Political communication and education


Every year, the second weekend before Christmas, Pennsylvania’s blue bloods, elected officials, hospital, museum, union and university presidents and those politically connected gather en mass in New York City and encamp at The Waldorf Astoria for what is known as the Pennsylvania Society weekend.

Over the years, it has morphed from an organization of the blue bloods of Philadelphia and New York to the foremost lobbying weekend of the year. Almost every elected official who counts is there, to meet supporters and build new alliances. Everything is possible in politics.

Three years ago, I finally decided to give it a try, and must admit how surprised I was at my reception: It was very welcoming. So last weekend, I embarked on my third trip to New York to join the powerbrokers of our state.

This year was different than the previous two. It was obvious that Republicans had taken over Harrisburg for all intents and purposes. Moreover, those Republicans are mostly from the western part of the state — not a good sign for Philadelphia and Southeastern Pennsylvania. So it was time to meet the new governor, senator and leaders of our House of Representatives and Senate — as well as hang out with our political friends.

While there are a sprinkling of gay people at the event — which draws thousands and brings about $20 million to the New York City economy each year — it seems that Jason and I were the only obvious gay couple in attendance. And, after three years, hardly a notice.

State Rep. Mike O’Brien (D-175th Dist.) loves to introduce me to Republicans. His line: “Meet my friend Mark Segal,” then very slowly so they hear each word, “He’s publisher of the Philadelphia Gay News.” He shouts the word gay. His chief of staff, Mary Isaacson, makes it a point that I meet anyone running for statewide office.

People kept coming up to Jason and me and asking what it was like dancing in the White House, or what was served for dinner. Others came over to chat about my favorite project, the LGBT-friendly senior residences. Those who helped us raise the $8 million in funding we now have came over and asked, “When am I cutting that ribbon?” Senators and House representatives were asking if there was anything else they could do — and these were Democrats and Republicans alike. I was smiling from ear to ear. Union leaders were thanking me for bringing union jobs to the city. Aging activists said they wanted to get involved, including the former state director of aging and our new city commission on aging. I ran into Sen. Bob Casey, who has been helping with the project, and he asked if my meetings in D.C. last Tuesday went well. It is, by far, the most positive project I’ve ever worked on.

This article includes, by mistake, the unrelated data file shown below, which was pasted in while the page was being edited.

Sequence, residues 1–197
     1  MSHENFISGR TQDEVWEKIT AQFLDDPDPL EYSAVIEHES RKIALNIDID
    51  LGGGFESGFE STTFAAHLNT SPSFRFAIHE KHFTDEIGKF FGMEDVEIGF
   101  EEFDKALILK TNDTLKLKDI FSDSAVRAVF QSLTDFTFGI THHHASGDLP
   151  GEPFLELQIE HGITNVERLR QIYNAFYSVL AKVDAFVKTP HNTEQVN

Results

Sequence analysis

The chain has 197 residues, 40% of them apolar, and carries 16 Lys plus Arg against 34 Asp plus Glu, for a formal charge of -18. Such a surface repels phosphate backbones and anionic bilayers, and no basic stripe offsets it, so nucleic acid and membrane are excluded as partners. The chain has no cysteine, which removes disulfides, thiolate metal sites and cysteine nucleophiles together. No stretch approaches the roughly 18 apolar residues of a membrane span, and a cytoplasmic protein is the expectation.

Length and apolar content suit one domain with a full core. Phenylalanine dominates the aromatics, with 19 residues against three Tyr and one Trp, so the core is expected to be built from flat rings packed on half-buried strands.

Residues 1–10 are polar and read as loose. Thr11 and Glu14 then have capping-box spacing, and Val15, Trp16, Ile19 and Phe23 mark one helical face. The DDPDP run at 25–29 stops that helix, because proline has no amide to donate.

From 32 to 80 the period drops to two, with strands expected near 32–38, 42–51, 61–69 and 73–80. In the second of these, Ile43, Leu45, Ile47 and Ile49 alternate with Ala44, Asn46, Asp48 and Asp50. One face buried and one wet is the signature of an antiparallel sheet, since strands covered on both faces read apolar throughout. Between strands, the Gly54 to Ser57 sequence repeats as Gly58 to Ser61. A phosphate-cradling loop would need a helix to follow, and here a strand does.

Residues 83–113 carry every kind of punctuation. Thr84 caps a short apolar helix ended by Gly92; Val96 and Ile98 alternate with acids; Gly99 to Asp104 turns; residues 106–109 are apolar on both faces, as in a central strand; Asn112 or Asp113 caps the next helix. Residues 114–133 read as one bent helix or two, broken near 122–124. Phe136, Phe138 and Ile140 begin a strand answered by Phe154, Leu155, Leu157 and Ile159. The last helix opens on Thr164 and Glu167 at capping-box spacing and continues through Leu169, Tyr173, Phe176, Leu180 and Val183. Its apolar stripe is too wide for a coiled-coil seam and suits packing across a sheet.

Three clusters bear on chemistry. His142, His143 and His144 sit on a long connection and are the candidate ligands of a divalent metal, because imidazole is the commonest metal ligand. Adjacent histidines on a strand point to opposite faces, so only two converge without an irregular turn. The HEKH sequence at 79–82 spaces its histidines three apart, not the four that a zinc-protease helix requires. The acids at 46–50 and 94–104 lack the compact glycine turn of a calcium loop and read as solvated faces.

I also had a pleasant conversation with Sen.-elect Pat Toomey and congratulated Gov.-elect Tom Corbitt. These are people that we in the LGBT community will have to work with, so it is important to keep the lines of communication open. After all, it was keeping lines open that helped us get domestic-partnership rights in Philadelphia. Thacher Longstreth was the Republican vote that changed the thinking in City Council: That bill was the only piece of legislation not supported by the Council president to pass. That, my friends, is what fighting for true equal rights is all about: communication and education.

Mark Segal is PGN publisher. He is the nation’s most-award-winning commentator in LGBT media, having recently received the 2010 Columnist of the Year Award from the 2,000-member Suburban Newspapers of America. He can be reached at [email protected].